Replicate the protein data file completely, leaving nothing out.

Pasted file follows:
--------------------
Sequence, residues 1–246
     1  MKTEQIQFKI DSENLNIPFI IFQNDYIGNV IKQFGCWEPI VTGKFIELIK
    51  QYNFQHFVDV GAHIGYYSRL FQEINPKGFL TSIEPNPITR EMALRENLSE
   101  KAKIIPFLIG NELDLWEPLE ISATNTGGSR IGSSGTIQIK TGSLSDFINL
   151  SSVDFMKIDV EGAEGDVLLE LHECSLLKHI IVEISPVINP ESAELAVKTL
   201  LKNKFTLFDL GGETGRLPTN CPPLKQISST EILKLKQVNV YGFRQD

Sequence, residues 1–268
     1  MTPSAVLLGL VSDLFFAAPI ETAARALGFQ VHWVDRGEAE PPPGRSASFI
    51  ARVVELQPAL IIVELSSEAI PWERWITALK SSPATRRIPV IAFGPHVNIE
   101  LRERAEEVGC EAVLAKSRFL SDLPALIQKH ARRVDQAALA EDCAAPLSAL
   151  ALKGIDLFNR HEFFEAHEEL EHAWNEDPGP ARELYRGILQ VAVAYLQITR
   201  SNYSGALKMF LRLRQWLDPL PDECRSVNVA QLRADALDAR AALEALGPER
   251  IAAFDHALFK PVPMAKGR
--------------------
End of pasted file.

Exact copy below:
Sequence, residues 1–246
     1  MKTEQIQFKI DSENLNIPFI IFQNDYIGNV IKQFGCWEPI VTGKFIELIK
    51  QYNFQHFVDV GAHIGYYSRL FQEINPKGFL TSIEPNPITR EMALRENLSE
   101  KAKIIPFLIG NELDLWEPLE ISATNTGGSR IGSSGTIQIK TGSLSDFINL
   151  SSVDFMKIDV EGAEGDVLLE LHECSLLKHI IVEISPVINP ESAELAVKTL
   201  LKNKFTLFDL GGETGRLPTN CPPLKQISST EILKLKQVNV YGFRQD

Sequence, residues 1–268
     1  MTPSAVLLGL VSDLFFAAPI ETAARALGFQ VHWVDRGEAE PPPGRSASFI
    51  ARVVELQPAL IIVELSSEAI PWERWITALK SSPATRRIPV IAFGPHVNIE
   101  LRERAEEVGC EAVLAKSRFL SDLPALIQKH ARRVDQAALA EDCAAPLSAL
   151  ALKGIDLFNR HEFFEAHEEL EHAWNEDPGP ARELYRGILQ VAVAYLQITR
   201  SNYSGALKMF LRLRQWLDPL PDECRSVNVA QLRADALDAR AALEALGPER
   251  IAAFDHALFK PVPMAKGR